There is a war going on outside, one that will once and for all decide the nutritional strategy of choice. Many have already chosen sides.
On one side of the battlefront, you have the calorie counters. They often look down on those who disregard the gospel of the numbers. The numbers don’t lie, and if you don’t count them then you’re lying to yourself. On the other side you have the intuitive eaters. They often look down on the calorie counters who haven’t mastered the Zen that is their body, and therefore spend day and night obsessing over food. Food is food, and treating it like it isn’t will only lead you down a dark, dark road.
Ok, so maybe it isn’t that epic, but my description is not too far from the truth, as I’ve seen enough debate on internet forums regarding this very subject to know that these e-streets can get pretty scary. I just have one question for everyone – can’t we all just get along? Both camps have something to offer, so there is no point in vilifying one strategy in order to make another appear more valid.
The calorie counters
I can’t even begin to think about considering the thought of saying that the counters don’t tend to get great results, because they do. Wanna know why? Because they respect the caloric deficit, and when it comes to fat loss this is one fundamental principle that cannot be avoided. They’re like the Navy Seals of the nutritional world – they get in, handle their business, and then get out quick fast and in a hurry.
They also take away one of the main excuses people use to justify their lack of results. When you’re in a deficit, you’re in a deficit – there are no ifs, ands or buts about it. I’m sure we all know at least one person who swears up and down that they are “eating so healthy” but still fail to lose the weight that they so desperately want to lose. I certainly commend them for cleaning up their diet, but if their goal is fat loss they first and foremost must align their food intake with their daily or weekly energy expenditure, and calorie counting is a useful strategy to achieve this end.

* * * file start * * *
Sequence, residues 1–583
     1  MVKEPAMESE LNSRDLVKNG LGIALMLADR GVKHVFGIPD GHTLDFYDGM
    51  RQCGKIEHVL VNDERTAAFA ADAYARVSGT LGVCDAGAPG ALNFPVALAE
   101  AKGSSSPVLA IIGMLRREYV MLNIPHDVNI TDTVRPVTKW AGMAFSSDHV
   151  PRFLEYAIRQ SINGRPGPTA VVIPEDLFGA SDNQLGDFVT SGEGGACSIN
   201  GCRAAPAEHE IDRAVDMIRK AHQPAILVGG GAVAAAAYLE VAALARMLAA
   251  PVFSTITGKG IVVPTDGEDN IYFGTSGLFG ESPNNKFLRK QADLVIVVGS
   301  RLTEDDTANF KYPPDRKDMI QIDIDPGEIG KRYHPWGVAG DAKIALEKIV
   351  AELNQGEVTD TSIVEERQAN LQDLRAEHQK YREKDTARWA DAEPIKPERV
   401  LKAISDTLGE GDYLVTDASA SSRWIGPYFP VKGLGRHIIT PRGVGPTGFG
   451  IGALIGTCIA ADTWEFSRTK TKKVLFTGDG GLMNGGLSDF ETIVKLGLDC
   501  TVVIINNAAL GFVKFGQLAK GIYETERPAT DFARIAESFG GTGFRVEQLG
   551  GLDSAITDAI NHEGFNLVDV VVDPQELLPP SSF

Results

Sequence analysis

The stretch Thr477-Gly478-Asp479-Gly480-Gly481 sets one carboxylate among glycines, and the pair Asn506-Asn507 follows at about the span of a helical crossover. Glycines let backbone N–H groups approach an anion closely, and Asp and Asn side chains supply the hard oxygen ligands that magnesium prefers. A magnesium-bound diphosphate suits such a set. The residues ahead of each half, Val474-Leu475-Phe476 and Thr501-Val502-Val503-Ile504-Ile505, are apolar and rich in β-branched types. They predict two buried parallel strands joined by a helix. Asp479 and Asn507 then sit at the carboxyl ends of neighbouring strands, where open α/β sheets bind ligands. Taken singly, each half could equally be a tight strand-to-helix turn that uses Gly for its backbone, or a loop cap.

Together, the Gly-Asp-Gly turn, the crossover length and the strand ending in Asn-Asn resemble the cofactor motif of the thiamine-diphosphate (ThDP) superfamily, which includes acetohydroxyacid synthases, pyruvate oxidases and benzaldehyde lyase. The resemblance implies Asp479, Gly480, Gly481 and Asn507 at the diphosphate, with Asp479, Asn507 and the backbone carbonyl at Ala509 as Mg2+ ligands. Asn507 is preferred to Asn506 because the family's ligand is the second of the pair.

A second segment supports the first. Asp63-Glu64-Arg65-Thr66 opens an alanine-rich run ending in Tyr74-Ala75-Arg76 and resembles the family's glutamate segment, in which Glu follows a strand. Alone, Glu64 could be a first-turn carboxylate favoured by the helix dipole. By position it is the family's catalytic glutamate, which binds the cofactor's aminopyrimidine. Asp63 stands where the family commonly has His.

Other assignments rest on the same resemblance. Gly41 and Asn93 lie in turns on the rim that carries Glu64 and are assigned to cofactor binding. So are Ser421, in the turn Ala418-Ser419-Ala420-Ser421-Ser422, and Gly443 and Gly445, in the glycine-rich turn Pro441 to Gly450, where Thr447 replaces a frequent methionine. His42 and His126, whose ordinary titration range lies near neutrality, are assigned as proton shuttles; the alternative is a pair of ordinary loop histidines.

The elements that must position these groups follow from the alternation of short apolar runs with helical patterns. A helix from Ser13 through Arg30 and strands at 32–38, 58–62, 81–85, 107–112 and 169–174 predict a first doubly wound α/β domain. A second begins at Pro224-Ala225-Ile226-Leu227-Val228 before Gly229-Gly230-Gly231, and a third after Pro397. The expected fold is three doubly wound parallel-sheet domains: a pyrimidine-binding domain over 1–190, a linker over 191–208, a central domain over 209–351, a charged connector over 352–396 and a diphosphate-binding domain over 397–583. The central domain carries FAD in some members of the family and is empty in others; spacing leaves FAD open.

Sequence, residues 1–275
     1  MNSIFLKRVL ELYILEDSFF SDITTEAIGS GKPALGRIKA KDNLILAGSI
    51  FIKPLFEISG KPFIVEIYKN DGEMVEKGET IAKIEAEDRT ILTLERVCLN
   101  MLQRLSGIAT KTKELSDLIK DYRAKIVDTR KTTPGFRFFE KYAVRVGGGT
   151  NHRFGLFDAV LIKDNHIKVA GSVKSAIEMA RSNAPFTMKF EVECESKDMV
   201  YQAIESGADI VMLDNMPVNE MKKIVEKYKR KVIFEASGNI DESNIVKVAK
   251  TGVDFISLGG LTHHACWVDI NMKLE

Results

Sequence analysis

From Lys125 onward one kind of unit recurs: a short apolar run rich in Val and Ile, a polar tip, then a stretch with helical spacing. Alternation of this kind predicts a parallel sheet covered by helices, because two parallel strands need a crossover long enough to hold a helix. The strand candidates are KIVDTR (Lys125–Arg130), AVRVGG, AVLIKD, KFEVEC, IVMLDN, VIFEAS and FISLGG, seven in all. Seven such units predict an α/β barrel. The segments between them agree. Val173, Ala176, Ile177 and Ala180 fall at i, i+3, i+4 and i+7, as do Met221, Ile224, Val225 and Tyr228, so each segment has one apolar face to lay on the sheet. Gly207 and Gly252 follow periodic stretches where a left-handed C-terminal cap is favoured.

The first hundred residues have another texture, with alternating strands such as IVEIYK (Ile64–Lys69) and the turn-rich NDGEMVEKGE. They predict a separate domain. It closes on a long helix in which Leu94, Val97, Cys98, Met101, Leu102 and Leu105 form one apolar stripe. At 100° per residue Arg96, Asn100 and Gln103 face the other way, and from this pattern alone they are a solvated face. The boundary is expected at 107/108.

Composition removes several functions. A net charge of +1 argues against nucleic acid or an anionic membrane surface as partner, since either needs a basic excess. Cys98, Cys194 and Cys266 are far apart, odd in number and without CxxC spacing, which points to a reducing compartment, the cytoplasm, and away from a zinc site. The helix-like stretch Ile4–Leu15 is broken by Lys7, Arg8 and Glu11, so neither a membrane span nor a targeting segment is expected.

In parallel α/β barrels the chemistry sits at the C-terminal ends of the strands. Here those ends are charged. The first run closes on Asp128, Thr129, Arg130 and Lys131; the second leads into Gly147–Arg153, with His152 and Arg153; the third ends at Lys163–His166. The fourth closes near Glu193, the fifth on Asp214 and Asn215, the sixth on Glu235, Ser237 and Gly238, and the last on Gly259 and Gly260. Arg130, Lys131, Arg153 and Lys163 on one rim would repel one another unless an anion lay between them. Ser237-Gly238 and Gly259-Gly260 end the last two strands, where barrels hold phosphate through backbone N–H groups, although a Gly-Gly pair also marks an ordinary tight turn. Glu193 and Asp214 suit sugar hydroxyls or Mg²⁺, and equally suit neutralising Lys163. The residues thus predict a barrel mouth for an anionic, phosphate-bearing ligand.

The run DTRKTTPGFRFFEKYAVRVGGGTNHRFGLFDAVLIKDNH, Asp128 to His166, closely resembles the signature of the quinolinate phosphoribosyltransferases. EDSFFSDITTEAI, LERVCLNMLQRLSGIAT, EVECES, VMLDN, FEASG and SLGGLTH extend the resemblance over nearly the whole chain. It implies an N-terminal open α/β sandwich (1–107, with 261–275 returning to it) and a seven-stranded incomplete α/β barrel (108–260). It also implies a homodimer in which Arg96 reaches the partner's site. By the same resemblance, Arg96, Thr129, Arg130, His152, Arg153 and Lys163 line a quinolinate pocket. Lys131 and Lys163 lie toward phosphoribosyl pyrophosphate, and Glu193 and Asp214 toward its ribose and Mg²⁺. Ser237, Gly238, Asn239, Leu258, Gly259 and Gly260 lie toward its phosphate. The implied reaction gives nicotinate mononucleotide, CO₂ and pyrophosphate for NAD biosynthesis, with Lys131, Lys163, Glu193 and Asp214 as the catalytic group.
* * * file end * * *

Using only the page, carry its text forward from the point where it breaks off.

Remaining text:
The intuitive eaters
As someone who ascribes to this style of eating 99% of the time, I can say that there is something liberating about not having to keep count of every little macro nutrient that goes into my mouth. Intuitive eaters as a whole tend to have a pretty healthy relationship with food – they treat it like food and not as calories. This style of eating has a pretty steep learning curve as it takes awhile to adjust portion sizes, food choices and other variables in order to line them up with with ones goals and individual responses, but once a person is dialed in it takes little effort to maintain. While intuitive eaters don’t count calories per se, through portion control and certain food choices their calories are definitely controlled.
Is there room for both?
There is certainly room for both, but many people see it as more of a battle between the two ideologies rather than two halves of the greater whole. Which one is best for you? It all depends, as there are pitfalls and benefits to both strategies. Are you a goal oriented person who likes to achieve their results in the fastest way possible, no matter the difficulty? Do you need to achieve quick results in a short amount of time? Then calorie counting could be just what the Doc ordered. Create a menu, calculate the calories/macro nutrients and call it a day. Most restaurants these days offer caloric information online or in-house, so that works in your favor as well. Many physique athletes, models and Hollywood actors who need fat loss in a hurry, or who have to achieve a very low level of body fat have people who handle their nutrition for them, and while they themselves may not count their calories, you better believe that someone is doing it for them – when money is on the line, results can’t be left up to chance.